High Llamas – Beet, Maize & Corn
After putting out seven records in eight years, the High Llamas went quiet for three years. They’re back with Beet, Maize & Corn, and befitting a hiatus from public endeavors, change is in evidence.
The songwriting of Sean O’Hagan is still a delightful melange of melodies and counter-melodies, but the arrangements have subtly broadened with a focus on judiciously used strings, horns and other wholly acoustic instruments. Comparisons to Brian Wilson, Pet Sounds and the legendary Smile shipwreck have accompanied the Llamas from the outset, but it’s important to further elaborate and contextualize those comparisons. Rather than merely aping or simply scampering about Wilson’s weighty shadow, O’Hagan and his cohorts have internalized their influences, treating them as a tradition from which to build their own world.
Lyrically, they’re closer to Van Dyke Parks’ fractured poetics than anything Wilson or any of his other wordsmith collaborators brought forth. The combination of the words and music make for a sum often greater than the parts, which can be the mark of a successful song. The lyrics spring fully to life when fully inflated by the melodic component.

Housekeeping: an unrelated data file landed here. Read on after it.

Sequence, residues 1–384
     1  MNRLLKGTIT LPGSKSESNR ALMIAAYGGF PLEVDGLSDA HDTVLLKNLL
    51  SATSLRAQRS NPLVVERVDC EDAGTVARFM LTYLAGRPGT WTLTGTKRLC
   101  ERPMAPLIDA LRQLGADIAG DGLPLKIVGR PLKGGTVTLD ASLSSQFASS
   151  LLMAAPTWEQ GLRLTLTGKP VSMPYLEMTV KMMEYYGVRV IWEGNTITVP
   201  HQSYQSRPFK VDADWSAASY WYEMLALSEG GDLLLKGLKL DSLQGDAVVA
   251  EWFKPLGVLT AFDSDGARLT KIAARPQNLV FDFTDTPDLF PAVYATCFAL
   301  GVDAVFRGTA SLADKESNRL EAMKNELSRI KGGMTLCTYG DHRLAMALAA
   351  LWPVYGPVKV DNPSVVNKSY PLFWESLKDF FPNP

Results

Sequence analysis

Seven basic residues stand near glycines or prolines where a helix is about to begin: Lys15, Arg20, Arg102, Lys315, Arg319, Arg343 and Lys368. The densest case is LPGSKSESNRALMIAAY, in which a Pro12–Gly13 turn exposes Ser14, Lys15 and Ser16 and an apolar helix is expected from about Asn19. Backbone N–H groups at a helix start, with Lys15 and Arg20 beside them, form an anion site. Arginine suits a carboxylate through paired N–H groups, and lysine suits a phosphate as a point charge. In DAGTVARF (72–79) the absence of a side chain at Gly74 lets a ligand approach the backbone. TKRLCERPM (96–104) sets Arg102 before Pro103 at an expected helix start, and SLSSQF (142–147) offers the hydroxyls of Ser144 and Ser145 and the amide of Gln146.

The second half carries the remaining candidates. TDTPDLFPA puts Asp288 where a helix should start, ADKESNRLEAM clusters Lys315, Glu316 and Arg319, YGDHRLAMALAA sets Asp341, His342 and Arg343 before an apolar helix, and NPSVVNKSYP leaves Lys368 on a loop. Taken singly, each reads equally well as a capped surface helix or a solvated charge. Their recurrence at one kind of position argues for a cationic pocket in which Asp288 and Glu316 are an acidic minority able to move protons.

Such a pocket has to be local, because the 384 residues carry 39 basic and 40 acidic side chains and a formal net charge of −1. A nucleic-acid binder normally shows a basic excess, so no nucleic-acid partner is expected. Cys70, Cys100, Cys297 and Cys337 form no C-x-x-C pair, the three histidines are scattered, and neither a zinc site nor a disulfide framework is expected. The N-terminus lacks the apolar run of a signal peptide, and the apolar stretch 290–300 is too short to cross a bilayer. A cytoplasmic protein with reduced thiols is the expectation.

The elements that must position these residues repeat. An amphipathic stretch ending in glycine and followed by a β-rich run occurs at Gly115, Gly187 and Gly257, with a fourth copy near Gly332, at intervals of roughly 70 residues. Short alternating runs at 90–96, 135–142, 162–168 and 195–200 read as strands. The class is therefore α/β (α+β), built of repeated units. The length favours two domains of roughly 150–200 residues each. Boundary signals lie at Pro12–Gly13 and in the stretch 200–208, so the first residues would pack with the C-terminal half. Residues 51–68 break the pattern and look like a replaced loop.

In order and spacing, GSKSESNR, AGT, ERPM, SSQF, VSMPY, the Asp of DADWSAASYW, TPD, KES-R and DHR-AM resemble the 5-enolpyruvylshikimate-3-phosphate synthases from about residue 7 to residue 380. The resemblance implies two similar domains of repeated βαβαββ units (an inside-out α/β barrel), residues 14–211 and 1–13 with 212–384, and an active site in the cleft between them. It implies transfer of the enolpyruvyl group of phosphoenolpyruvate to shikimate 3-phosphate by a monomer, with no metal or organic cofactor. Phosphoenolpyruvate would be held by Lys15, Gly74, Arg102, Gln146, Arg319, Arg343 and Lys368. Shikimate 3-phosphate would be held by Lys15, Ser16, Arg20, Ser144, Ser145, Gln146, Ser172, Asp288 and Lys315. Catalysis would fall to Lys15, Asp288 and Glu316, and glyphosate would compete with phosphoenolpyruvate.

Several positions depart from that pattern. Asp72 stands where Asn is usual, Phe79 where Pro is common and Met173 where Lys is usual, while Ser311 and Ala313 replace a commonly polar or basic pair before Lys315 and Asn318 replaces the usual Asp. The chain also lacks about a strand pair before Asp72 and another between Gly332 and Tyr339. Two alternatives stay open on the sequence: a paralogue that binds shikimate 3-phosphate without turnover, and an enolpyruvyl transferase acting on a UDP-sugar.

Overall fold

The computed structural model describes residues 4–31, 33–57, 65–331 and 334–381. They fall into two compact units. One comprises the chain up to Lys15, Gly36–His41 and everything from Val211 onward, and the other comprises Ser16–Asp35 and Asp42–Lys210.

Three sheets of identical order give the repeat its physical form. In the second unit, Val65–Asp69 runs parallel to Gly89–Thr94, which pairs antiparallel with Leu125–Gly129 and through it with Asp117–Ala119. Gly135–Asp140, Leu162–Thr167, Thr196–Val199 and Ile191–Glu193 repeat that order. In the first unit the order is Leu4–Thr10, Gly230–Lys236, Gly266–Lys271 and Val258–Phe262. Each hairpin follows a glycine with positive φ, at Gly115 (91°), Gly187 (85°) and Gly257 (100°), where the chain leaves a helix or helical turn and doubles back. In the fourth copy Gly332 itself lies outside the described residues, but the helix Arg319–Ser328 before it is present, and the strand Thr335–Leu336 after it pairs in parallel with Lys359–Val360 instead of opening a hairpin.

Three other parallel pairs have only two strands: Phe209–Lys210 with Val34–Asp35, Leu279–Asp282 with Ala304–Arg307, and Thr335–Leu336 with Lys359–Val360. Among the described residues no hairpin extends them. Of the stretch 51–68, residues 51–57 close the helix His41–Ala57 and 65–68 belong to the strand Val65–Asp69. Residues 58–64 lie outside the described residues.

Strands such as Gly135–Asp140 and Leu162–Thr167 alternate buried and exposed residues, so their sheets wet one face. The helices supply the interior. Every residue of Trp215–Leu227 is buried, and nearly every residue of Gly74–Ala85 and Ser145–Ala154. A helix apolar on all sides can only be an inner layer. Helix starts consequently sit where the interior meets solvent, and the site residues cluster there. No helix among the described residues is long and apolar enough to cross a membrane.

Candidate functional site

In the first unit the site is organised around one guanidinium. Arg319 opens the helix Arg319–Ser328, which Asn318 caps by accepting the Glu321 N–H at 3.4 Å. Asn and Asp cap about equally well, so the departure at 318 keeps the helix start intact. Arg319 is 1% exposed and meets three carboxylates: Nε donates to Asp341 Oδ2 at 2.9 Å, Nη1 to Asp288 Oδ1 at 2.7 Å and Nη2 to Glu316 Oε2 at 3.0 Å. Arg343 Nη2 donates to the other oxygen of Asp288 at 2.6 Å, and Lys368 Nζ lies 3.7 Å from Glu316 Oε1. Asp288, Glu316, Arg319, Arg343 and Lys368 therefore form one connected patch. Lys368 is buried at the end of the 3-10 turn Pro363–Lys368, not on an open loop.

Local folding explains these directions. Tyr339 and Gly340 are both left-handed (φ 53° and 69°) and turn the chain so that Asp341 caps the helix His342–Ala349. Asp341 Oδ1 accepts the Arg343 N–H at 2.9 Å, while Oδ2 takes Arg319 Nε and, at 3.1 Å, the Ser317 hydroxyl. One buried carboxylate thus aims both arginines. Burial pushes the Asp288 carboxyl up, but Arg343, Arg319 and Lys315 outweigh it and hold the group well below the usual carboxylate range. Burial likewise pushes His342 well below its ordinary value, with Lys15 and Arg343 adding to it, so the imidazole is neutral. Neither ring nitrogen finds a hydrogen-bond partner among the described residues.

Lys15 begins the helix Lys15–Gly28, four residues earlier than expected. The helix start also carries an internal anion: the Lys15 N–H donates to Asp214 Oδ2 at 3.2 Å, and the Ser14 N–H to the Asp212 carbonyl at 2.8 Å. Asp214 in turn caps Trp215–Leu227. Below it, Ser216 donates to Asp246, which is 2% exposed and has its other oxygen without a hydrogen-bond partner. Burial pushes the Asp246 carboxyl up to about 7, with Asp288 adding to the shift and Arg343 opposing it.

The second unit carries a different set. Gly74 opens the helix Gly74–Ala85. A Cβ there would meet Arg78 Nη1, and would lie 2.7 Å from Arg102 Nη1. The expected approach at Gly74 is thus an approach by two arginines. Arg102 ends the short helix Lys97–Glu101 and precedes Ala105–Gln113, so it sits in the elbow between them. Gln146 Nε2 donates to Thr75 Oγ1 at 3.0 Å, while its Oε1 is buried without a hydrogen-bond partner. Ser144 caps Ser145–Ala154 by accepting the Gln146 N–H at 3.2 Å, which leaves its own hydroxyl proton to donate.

Throughout, the relaxed vocals belie a sophistication in both arrangement and performance. “Porter Dimi” offers a call-and-response that mirrors the quiet contrasts in the lyrics. O’Hagan’s singing on “Leaf And Lime” positively lounges atop strings that alternate between bowed undulations and festive pizzicatos. Beet, Maize & Corn adds a new peak to one of the most consistently alluring bodies of work to emerge in the past decade.